Foster Swift health care attorneys are getting ready to attend the 20th Annual Health Law Institute March 6 and 7. The Institute provides attorneys with the opportunity to learn about the most recent statutory, regulatory, and case law developments in the health care industry. Co-sponsored by the Health Care Law Section of the State Bar of Michigan, this educational opportunity offers a range of presentations from numerous leaders in the health care legal community. Read More ›
On Feb. 4, 2014, new legislation took effect amending Michigan's Do-Not-Resuscitate Procedure Act (the "Act").The Act allows a guardian, who has the power under Michigan’s guardianship laws, to consent to a do-not-resuscitate order (“DNR Order”) on behalf of a legally incapacitated person under certain conditions. This power does not extend to a guardian ad litem.
In 1996, Michigan passed the Act, which permits a competent adult or his or her patient advocate to sign a DNR Order instructing emergency personnel not to perform potentially life-saving procedures in the event of the cessation of respiration and circulation. However, the Act did not give express authority to a guardian acting on behalf of an individual to authorize a DNR Order. Read More ›
Any disciplinary sanction against a health professional’s license can have serious collateral consequences, such as termination from provider networks, loss of malpractice insurance or substantially increased rates, medical staff investigations and proceedings, adverse employment actions, and reports to the National Practitioner Data Bank. A recent Michigan Court of Appeals decision highlights an added risk that many health professionals and their attorneys may not have known. A relatively minor licensing sanction was used, with devastating effect, as evidence in an unrelated malpractice action.
A dentist was sued for malpractice following a root canal procedure in Holder v Schwarcz. The jury awarded $67,500 in damages and the trial court granted $151,555 in case evaluation sanctions. The dentist had been involved in an unrelated licensing investigation relating to root canals for another patient. The licensing action was resolved through a consent order. In a consent order, a health professional does not admit any allegations in the licensing complaint, but agrees that the board’s disciplinary subcommittee may treat them as true and enter a sanction for violating the Public Health Code. The sanction imposed against the dentist in the licensing action included probation for one year, a requirement for ten hours of continuing education, and a $5,000 fine. The sanction was fairly typical for a licensing case alleging negligent care. Read More ›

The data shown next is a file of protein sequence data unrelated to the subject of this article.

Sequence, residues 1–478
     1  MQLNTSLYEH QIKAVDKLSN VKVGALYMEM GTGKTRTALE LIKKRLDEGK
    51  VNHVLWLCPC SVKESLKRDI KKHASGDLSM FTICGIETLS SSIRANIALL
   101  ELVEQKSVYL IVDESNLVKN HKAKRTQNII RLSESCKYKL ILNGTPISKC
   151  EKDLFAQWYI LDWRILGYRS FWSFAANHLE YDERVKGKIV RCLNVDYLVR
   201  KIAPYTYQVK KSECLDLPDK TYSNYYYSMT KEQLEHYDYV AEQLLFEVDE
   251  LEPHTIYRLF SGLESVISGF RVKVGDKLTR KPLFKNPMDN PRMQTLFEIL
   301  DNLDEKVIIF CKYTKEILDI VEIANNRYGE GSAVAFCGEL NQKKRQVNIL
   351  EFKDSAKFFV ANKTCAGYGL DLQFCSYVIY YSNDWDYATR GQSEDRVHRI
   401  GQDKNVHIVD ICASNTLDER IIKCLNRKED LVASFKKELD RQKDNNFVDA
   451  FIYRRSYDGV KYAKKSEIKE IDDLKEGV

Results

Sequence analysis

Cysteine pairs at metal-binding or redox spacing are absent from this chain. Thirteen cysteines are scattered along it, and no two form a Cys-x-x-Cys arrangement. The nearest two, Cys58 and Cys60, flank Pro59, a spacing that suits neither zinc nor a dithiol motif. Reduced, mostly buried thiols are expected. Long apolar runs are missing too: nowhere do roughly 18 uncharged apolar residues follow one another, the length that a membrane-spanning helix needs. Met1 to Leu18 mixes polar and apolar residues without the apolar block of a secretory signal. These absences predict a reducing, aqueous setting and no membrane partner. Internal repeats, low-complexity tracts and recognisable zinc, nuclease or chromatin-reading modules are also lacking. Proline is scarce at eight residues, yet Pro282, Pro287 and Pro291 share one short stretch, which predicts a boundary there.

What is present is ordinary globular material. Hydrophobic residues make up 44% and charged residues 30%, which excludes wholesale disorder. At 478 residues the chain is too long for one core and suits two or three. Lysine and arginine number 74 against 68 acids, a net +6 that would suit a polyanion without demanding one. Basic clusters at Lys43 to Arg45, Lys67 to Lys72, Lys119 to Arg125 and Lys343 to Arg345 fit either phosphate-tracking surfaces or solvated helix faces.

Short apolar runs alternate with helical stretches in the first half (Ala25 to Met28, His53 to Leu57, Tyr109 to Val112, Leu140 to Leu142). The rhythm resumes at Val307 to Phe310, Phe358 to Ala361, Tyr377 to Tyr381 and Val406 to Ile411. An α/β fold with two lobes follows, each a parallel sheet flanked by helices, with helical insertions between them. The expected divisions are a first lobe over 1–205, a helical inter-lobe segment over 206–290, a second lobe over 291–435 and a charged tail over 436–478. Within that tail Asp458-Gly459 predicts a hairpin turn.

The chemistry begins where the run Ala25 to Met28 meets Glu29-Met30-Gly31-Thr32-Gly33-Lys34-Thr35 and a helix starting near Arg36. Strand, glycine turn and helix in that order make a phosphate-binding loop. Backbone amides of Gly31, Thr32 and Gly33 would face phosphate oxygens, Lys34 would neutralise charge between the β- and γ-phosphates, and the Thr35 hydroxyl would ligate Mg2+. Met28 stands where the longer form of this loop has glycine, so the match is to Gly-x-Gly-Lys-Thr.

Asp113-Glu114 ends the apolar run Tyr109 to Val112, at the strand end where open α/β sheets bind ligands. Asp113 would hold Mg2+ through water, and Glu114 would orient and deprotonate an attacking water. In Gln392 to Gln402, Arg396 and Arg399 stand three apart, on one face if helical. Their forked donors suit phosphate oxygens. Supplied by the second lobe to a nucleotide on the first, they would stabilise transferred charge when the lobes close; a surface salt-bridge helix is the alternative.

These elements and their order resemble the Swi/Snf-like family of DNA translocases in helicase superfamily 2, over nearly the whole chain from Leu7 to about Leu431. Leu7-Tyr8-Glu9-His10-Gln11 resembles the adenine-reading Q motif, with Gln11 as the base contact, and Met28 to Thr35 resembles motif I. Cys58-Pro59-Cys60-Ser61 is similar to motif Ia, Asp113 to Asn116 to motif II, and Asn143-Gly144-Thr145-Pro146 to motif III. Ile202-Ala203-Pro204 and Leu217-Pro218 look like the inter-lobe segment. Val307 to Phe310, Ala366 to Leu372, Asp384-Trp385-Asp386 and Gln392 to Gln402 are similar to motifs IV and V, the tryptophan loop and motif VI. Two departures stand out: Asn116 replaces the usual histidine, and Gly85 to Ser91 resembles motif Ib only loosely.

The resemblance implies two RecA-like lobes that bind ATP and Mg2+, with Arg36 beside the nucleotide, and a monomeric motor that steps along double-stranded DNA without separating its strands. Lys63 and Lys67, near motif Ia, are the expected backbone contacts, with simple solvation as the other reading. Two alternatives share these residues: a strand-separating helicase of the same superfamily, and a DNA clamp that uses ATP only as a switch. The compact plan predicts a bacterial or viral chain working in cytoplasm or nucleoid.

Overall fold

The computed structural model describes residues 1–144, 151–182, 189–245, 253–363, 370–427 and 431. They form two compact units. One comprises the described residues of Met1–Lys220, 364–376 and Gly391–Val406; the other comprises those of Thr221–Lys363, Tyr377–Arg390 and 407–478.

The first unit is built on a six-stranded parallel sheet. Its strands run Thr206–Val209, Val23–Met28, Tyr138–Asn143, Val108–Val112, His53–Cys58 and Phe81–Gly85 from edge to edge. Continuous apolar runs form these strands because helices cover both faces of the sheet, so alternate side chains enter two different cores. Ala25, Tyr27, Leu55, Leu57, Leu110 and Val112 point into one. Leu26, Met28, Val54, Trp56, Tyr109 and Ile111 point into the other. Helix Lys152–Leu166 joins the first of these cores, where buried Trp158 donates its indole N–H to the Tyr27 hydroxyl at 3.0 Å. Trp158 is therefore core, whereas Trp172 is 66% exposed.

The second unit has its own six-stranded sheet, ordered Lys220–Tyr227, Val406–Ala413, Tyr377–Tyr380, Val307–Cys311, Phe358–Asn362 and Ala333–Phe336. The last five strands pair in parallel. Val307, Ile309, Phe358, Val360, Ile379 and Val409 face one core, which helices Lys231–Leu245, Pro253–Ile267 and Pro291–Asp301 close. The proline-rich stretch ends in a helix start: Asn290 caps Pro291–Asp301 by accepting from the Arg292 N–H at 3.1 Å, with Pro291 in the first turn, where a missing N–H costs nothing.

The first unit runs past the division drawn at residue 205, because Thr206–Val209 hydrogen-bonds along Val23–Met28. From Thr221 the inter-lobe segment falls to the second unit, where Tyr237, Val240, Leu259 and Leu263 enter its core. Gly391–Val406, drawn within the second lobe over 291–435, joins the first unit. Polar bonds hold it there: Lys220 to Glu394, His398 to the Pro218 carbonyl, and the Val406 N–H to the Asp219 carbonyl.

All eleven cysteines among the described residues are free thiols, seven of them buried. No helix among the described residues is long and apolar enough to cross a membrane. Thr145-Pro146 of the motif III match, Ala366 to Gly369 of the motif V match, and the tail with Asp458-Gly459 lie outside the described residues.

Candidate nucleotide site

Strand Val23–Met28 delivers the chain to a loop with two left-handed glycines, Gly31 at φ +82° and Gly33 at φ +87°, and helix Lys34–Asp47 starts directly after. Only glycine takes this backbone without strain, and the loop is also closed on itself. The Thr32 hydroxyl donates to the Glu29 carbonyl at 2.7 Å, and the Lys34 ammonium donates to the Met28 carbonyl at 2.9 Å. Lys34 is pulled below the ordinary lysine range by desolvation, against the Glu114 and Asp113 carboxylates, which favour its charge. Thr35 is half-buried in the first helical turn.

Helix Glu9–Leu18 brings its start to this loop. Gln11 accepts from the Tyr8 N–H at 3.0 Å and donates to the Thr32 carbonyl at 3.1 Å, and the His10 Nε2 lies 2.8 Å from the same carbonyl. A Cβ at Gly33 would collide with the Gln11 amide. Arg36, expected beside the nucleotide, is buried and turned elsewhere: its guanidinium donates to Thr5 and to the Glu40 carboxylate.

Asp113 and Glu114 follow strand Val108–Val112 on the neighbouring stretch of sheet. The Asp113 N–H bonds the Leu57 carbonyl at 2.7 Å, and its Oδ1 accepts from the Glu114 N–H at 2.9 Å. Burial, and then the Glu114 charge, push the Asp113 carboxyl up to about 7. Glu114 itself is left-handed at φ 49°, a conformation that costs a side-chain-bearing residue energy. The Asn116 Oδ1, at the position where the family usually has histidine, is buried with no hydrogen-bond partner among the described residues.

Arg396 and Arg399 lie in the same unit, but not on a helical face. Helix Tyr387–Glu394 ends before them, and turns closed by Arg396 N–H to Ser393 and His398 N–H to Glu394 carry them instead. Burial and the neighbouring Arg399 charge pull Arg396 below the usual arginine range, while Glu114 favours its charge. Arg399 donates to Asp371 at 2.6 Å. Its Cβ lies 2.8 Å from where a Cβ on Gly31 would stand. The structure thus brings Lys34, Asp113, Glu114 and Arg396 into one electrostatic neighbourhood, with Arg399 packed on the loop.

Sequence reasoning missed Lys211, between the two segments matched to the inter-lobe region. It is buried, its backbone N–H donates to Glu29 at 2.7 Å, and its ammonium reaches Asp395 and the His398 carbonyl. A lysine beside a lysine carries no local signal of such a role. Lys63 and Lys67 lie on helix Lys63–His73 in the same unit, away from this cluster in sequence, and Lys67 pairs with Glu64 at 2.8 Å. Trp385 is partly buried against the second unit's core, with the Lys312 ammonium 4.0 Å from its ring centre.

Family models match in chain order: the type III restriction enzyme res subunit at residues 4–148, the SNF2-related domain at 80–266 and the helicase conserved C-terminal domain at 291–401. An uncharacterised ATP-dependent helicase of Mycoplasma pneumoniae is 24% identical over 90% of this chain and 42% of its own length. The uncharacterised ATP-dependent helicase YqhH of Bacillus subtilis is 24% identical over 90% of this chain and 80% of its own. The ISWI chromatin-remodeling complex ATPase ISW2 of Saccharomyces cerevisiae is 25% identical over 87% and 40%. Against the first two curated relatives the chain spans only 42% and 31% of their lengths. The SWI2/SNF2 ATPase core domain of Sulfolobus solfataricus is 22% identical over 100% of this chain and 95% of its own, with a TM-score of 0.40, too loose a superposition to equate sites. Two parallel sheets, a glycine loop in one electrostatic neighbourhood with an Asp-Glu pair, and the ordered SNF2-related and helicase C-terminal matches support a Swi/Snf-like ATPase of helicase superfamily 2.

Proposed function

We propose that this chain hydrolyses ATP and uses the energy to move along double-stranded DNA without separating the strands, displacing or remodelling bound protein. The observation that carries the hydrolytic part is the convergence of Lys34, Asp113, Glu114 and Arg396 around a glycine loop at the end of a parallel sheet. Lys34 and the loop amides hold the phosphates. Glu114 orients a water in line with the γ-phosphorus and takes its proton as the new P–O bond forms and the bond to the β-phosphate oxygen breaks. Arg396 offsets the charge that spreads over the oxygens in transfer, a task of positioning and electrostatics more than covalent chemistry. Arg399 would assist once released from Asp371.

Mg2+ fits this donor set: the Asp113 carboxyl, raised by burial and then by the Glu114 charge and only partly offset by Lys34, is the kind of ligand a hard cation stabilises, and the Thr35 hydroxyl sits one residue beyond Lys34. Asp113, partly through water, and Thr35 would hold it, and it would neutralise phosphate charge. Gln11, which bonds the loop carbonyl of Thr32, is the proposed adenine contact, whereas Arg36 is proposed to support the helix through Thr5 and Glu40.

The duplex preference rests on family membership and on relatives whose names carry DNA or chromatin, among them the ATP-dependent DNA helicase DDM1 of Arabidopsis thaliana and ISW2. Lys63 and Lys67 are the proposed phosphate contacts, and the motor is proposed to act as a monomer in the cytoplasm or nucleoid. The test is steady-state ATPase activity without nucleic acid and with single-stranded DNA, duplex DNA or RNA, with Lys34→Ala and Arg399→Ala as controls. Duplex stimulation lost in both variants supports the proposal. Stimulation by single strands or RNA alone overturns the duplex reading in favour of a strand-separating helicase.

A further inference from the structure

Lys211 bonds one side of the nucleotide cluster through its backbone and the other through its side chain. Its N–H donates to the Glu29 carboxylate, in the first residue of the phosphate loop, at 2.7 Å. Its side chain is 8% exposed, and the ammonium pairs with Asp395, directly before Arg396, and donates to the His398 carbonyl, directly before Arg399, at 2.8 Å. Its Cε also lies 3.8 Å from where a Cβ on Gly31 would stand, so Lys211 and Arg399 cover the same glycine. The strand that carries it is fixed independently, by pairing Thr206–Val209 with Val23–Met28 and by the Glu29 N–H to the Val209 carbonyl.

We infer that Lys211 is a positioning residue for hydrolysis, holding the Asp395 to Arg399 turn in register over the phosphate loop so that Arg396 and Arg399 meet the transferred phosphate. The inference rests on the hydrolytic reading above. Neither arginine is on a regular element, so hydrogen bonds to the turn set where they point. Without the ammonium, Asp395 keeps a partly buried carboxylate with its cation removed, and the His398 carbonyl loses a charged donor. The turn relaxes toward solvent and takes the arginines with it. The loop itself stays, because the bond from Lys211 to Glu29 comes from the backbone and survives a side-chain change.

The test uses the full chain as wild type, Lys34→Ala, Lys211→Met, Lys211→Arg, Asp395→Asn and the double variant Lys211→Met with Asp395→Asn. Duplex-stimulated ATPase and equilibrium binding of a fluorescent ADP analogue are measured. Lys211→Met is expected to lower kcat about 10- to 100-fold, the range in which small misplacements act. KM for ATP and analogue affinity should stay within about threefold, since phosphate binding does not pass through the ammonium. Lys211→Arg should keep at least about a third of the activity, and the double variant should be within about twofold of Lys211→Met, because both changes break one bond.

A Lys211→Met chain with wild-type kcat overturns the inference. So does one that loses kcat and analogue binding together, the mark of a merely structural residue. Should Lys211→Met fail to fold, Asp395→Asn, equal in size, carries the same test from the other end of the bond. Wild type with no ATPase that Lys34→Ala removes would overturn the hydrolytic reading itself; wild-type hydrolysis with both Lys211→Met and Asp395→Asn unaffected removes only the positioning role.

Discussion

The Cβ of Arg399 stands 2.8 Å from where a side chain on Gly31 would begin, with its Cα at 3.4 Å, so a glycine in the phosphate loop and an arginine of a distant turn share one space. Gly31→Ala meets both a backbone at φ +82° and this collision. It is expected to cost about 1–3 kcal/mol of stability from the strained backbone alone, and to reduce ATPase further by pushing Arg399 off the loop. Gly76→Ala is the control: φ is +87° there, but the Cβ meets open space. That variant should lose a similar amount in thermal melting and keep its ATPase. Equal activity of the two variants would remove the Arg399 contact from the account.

On Feb. 12, 2014, the U.S. Department of Treasury and the Internal Revenue Service published final rules (the “Final Rules”) related to the Employer Shared Responsibility provisions of the Patient Protection and Affordable Care Act (“PPACA”). The Employer Shared Responsibility provisions, referred to as the “Employer Mandate,” generally require certain employers to offer minimum essential health care coverage to their full-time employees or face penalties. The Employer Mandate was originally scheduled to become effective on Jan. 1, 2014 but was delayed until Jan. 1, 2015.
The Final Rules include a second delay of the Employer Mandate. They provide that employers who employ 50 – 99 full time equivalent employees will not be required to comply with the Employer Mandate until Jan. 1, 2016. Additionally, those employers who employ 100 or more full time equivalent employees must offer minimum essential coverage to only 70 percent of those full time employees by Jan. 1, 2015 (as opposed to the 95 percent coverage requirement under the previous regulations). Those employers employing 100 or more full time employees will be required to offer coverage to 95 percent of all full time employees by Jan. 1, 2016. The chart below summarizes the basic details concerning this delay. Read More ›
On Jan. 2, 2014, the Department of Health and Human Services (“HHS”) issued a proposed rule related to the Administrative Simplification requirements of the Health Insurance Portability and Accountability Act of 1996 (“HIPAA”). Specifically, it delayed the date by which health plans must certify compliance with certain operating rules imposed by the Affordable Care Act (“ACA”).
The ACA required the Secretary of HHS to adopt operating rules related to claims status, eligibility, electronic funds transfers ("EFT") and health care payment and remittance advice transactions ("ERA"). Health plans (and other covered entities) were required to comply with the claims status and eligibility operating rules by Jan. 1, 2013 and the EFT and ERA operating rules by Jan. 1, 2014. Additionally, health plans were required to file a statement with HHS certifying that the health plan is in compliance with the operating rules. This certification statement was due by Dec. 31, 2013. Read More ›